I need some feedback from you who have worked on retainers.  How do you ask for a retainer?  How much do you ask for?  What additional fees do you expect when you have made a placement? Thanks!

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Tags: Agency Recruiting, fees, retainer

Comment by PAUL FOREL on February 24, 2014 at 3:43pm

Hello, Shari!

Let me go over the easy part, first-

Retained Search Fees are generally 33.3% of the annual salary plus bonuses, incentives, etc.;

The Search Fee is divided into thirds and the first third as well as an expense check is issued to the Search Consultant at the commencement of the Search; (The expense check is your approximation of expenses related to the search but does not include advertising, etc. expenses since you will have those billed to the client directly. An expense check covers your administrative costs including travel, meals with candidates, etc.)

The second third is issued by the client after either 30 days or 45 days, your choice. At this time, it is often customary to submit a 'short list' of candidates although I do not.*

The last third is issued upon acceptance by the submitted recruit of an Offer of Employment.

The last third is adjusted to account for the Compensation being either lower or higher than anticipated at the start of the Search.

Any outstanding expenses not covered by the expense check are due and payable at that time.

Some firms offer no Guarantee, others specify the usual 30 or 60 or 90 day Guarantee; again, your choice.

The Retained Search Contract should specify the Search is exclusive- that no other search firms/agencies nor in-house recruiters will be working on the same Search.

If you run an ad [at the expense of the client] you should use your own Contact information, not the client's.

All responses to ads, referrals, solicited or unsolicited inquiries are to be referred to the Search Consultant.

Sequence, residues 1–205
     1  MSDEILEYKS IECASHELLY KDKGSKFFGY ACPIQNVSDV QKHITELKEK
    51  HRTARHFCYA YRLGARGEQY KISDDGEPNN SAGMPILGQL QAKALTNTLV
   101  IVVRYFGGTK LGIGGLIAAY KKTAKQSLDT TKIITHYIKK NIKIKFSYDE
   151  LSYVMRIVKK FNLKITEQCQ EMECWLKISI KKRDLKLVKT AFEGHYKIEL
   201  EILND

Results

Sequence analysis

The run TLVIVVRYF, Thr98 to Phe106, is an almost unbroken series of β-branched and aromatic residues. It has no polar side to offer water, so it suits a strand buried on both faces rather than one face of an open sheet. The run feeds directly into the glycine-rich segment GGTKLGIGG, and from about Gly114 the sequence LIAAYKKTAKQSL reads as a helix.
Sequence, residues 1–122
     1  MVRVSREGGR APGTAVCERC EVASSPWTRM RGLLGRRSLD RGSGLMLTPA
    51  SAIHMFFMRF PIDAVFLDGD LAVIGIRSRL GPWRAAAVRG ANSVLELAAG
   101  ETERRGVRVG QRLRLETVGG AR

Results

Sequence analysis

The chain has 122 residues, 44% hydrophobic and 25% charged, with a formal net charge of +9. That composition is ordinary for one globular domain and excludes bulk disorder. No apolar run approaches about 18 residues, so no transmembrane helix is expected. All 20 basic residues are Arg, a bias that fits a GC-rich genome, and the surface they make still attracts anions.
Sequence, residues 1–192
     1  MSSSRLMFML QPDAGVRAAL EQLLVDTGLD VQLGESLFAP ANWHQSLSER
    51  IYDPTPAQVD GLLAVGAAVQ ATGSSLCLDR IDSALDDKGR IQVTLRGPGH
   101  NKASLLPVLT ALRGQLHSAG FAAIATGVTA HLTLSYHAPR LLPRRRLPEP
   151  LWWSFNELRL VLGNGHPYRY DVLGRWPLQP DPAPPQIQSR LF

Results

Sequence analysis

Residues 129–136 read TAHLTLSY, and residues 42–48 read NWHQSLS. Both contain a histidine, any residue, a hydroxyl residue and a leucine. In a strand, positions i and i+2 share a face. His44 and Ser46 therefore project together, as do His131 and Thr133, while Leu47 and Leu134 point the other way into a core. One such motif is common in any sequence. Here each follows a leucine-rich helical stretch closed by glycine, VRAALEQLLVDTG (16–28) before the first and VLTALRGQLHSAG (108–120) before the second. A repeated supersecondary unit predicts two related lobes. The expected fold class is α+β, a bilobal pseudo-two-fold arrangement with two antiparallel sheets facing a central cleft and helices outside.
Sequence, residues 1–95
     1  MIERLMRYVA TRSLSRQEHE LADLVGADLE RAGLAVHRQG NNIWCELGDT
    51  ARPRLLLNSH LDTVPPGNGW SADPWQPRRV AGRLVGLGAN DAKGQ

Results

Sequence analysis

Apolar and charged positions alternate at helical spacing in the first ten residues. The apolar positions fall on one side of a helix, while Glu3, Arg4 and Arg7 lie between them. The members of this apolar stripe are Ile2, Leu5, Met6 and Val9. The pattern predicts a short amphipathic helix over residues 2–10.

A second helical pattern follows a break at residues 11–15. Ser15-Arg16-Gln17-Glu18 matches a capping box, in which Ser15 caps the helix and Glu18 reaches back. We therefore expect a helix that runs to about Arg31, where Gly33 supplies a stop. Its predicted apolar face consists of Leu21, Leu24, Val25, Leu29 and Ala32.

In the event the Retained Search is cancelled by the client, any fees submitted are forfeit and any outstanding expenses are due and payable immediately.

It is my suggestion that if your client terminates the Retained Search within three to five days of the second third of the Search Fee being paid then that second third is owed by the client. This is negotiable and at the least, you can, depending on your relationship with that client, accept a lesser amount if you desire.

The usual contingencies regarding a submitted recruit being hired for a position other than for the Retained Search apply.

The Retained Search is a benefit to the Client’s advantage in that the client need not issue the same ‘Job Order’ repeatedly, hoping one of the many contingency recruiters calling actually does the work and fills the vacancy.

This is because the Retained Search Consultant is committed to completing the Search inasmuch as that person has received a partial payment and is thus ‘honor-bound’ to work the assignment and not drop it in favor of a more attractive search assignment.

Also, of course, this retained arrangement is to the Search Consultant’s advantage as the Client has issued a partial payment in advance, thereby cementing that client to the Search Consultant and since they do not want to pay the Search Fee twice, they will [usually] agree to have this Search an exclusive one with the Search Consultant.

To establish yourself as a Retained Search Consultant it is my suggestion you try this out with an established Client. Pick a search that is urgent in nature and requires an absolute quick fill time line.

Once you have completed a couple/a few Retained searches and have established your credibility in this fashion it becomes easier to garner more Retained Searches based on your track record/client references.

* Submitting a 'short list' of candidates as a contingency to receiving the second third of the Search Fee is not a good idea since it may be there are no such candidates by the time the second third of the Search Fee is due.

This could force you to submit 'a warm body' just to receive the second third of the Search Fee.  Better to just leave this off your Retained Search Contract.

If you have any questions about this, Shari, just let me know!

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